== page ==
Believe it or not, your issue sounds like the exact problem I was having which led me to discover Glasswire back in November of 2017.
The problem that I was having is that I was on a metered mobile data service from my ISP (from memory it was 30GB which I had to use within six months) and as I was careful in my data usage (I had no need for videos, gaming or anything data hungry), I knew that amount of data back then would have lasted me at least three months.
Anyway, every now and again (the times were random) something would just eat about 10GB of my data allowance and I could never account for what had happened as I was always so careful with my bandwidth, disconnecting when not using it and so on.
In Australia mobile data was (and is still) quite expensive so that 30GB back then cost me about AUD$125 (about USD$100 approx) and because I was using the mobile connection mainly for financial news and data, these 10GB bites out of my plans was costing me about AUD$35 each time it happened and I went from annoyed to furious as it kept recurring.
I raised a support request with my ISP at the time (Vodafone) who could not determine what was consuming the bandwidth, so I pushed the envelope with them and asked them to do a full forensic investigation of all usage on my connection to find out if the problem was leakage on their end as I knew it was nothing I was actively doing. I could even isolate the exact times when these 10GB chunks were being used (the amounts were in fact random, but almost always around 10GB or more; 9.8GB one day, 11.2GB the next time, 10.56GB and so on, but basically it was always around the 10GB amount).
Well, to their credit Vodafone did indeed perform a forensic investigation into my data usage and although they were limited in what they could reveal to me by privacy laws (Australia has quite strict privacy laws), they did tell me in no uncertain terms that there was no problem with the ISP service and that it was a program installed on my PC that was using these 10GB chunks (but they could not reveal the name of the program).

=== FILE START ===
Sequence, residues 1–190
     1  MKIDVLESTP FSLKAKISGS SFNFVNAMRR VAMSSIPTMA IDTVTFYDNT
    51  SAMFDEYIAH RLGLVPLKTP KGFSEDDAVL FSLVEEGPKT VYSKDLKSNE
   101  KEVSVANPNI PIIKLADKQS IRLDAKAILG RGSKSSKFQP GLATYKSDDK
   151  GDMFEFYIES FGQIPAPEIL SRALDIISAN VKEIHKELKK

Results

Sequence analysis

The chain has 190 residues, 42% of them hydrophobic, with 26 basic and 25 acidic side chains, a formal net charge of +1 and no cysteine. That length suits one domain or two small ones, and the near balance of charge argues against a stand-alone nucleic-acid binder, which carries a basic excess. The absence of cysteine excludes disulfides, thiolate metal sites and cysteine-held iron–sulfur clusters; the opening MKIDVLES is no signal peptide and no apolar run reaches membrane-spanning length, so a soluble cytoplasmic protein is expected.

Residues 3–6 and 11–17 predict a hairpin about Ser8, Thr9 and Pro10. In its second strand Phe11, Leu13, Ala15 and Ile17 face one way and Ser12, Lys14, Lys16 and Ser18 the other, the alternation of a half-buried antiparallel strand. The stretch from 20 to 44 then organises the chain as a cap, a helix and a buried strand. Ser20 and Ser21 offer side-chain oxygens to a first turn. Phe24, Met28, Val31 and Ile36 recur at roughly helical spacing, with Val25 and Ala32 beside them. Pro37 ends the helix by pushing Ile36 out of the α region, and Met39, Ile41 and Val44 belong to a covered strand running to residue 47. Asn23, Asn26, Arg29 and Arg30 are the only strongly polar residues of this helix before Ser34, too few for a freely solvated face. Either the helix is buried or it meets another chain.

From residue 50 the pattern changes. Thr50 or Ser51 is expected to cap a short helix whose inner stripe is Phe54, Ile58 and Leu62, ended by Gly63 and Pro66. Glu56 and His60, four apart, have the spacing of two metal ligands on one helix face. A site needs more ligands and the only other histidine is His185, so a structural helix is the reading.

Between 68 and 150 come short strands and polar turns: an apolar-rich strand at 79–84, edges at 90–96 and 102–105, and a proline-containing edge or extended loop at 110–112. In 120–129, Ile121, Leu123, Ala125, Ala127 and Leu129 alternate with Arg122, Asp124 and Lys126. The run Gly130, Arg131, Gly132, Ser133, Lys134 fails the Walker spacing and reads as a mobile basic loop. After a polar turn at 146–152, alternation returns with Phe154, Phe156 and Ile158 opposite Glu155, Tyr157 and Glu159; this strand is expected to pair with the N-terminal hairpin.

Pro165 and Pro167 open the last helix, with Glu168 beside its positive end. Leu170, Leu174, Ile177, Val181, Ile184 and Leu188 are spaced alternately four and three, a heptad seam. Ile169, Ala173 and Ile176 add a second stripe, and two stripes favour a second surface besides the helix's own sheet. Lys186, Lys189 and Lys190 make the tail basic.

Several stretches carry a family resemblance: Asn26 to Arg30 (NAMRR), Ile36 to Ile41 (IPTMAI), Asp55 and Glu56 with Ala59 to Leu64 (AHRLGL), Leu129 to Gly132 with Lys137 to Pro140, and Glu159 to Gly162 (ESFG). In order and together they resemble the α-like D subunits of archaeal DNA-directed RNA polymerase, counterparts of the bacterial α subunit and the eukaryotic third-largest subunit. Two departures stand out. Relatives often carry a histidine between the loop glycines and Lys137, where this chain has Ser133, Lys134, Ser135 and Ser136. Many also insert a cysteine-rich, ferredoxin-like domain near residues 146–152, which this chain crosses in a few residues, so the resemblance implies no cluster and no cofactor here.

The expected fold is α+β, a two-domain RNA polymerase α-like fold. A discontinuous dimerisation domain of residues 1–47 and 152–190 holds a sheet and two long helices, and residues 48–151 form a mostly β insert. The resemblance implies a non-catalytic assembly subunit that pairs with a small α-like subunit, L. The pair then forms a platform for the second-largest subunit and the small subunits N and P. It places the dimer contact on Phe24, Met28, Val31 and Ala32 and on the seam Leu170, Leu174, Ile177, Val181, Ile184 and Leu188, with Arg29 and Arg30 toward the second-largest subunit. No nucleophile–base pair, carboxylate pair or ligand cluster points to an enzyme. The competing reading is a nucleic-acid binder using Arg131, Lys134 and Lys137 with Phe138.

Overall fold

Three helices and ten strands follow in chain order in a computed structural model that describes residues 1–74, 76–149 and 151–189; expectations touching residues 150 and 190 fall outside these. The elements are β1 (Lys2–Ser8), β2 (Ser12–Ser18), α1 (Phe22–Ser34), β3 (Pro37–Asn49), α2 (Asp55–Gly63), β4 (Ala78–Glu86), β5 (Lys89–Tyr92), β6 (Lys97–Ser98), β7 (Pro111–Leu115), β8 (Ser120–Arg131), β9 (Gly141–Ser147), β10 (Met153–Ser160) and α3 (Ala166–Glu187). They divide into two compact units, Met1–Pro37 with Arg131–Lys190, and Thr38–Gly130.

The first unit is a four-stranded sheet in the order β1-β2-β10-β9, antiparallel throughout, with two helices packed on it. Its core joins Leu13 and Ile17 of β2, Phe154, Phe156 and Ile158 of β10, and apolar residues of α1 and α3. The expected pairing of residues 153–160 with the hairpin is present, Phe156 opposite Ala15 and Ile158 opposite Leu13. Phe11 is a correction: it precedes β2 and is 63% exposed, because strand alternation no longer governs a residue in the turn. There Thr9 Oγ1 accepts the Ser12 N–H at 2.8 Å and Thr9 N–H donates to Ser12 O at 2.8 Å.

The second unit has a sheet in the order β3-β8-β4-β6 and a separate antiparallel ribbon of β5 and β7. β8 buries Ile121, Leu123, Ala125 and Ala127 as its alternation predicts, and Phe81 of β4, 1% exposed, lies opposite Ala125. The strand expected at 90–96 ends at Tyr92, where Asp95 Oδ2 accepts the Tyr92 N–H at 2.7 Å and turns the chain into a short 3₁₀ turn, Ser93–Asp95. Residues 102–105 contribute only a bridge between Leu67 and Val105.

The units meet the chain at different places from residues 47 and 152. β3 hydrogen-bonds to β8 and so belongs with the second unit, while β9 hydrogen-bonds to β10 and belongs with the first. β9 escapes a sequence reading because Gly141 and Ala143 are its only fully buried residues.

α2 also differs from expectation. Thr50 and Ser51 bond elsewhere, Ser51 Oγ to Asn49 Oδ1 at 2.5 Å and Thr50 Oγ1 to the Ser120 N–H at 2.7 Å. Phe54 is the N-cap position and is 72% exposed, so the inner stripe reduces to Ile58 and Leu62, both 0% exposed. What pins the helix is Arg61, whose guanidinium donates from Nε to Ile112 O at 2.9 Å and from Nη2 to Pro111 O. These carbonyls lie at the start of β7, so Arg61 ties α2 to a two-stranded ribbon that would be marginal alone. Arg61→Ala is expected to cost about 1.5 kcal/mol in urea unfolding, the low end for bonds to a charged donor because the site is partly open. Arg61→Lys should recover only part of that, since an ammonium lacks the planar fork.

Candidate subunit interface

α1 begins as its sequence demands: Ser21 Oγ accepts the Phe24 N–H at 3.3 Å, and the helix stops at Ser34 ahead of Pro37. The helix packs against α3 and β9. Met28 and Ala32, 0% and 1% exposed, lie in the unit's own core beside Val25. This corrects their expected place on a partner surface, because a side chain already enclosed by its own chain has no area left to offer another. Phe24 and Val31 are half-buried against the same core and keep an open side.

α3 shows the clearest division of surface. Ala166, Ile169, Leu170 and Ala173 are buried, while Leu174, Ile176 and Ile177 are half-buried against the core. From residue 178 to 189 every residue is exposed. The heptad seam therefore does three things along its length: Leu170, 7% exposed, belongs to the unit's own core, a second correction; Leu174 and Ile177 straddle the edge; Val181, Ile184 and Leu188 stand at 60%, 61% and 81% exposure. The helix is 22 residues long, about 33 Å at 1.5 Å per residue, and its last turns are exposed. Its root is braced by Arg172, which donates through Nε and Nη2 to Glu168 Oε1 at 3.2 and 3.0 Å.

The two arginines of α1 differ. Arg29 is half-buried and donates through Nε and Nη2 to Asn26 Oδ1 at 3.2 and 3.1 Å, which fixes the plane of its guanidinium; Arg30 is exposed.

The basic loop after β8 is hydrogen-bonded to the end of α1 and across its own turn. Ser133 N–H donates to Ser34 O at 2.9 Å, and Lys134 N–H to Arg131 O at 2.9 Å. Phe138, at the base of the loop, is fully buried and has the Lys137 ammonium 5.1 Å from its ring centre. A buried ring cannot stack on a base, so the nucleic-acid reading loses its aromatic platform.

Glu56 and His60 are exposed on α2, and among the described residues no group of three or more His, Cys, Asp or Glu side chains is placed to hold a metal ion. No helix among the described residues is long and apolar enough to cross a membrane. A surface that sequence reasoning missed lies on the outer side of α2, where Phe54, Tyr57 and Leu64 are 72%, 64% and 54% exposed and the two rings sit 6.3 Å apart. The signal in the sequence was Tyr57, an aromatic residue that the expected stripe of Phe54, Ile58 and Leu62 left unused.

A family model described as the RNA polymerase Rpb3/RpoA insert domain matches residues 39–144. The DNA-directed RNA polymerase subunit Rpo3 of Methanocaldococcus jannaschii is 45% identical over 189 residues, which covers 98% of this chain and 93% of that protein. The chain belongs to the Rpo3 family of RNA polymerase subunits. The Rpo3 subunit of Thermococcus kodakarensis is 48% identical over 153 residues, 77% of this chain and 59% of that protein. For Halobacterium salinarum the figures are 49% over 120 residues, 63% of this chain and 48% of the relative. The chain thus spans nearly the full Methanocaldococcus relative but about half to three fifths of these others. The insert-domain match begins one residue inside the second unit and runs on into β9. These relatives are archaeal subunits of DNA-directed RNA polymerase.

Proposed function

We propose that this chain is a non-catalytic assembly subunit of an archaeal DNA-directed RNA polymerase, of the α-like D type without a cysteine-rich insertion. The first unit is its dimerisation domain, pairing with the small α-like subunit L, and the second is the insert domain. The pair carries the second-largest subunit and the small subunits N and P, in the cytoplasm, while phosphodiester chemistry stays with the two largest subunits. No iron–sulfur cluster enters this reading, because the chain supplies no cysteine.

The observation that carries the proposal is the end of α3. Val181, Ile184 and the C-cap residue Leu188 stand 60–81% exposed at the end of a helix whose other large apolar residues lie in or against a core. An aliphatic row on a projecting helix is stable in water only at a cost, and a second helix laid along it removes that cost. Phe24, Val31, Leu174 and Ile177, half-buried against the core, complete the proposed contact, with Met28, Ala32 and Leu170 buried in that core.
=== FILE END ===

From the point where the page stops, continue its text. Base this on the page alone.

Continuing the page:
This forced the issue back on me and I started looking around for a forensic grade packet sniffer to try to help me identify all traffic into and out of my laptop, I knew of no other way to isolate the program, app or process that was using the data as the amount was way above my normal usage.
That’s when thankfully I found Glasswire and I watched the data usage like a hawk to find out what was eating the 10GB intermittently and I eventually found it was - and I am 100% certain of this - SurfEasyVPN.
The SurfEasyVPN program uses a file called “openvpn” or “openvpn64” and it was one of these that was eating the 10GB intermittently (I think I was on a 64bit OS at the time, so I assume it was ‘openvpn64’). I checked my pc thoroughly and the only files which had the openvpn belonged to SurfEasy, so I was sure I had isolated the problem.
I contacted SurfEasy support and they basically denied that what I was describing could actually happen, but that just made it easy for me to uninstall their program and discontinue my subscription with them.
I kept looking around for another VPN that did not use some version of ‘openvpn’ in their program as I knew that it was likely that the exact same thing would happen again with another VPN using that same file. I couldn’t really find anything, it seems many of the better known commercially available VPNs use openvpn, so I just resolved to just to use Tor in the meantime.
And now it’s time for the happy ending, as soon as I stopped using SurfEasyVPN / openvpn the problem stopped and I never had a chunk of 10GB get eaten again.
I rationalized it to myself that in some way the openvpn program would share traffic around their various users to randomize the web traffic and that these 10GB bites were randomized traffic going through my machine and utilising my bandwidth.
Anyway, that’s what happened to me and that’s how it played out. Big thanks to Glasswire who ended the grief by allowing me to analyze my traffic and pinpoint that it was openvpn64 program that was using the bandwidth.
Very best of luck with your investigations, I hope you isolate the problem soon.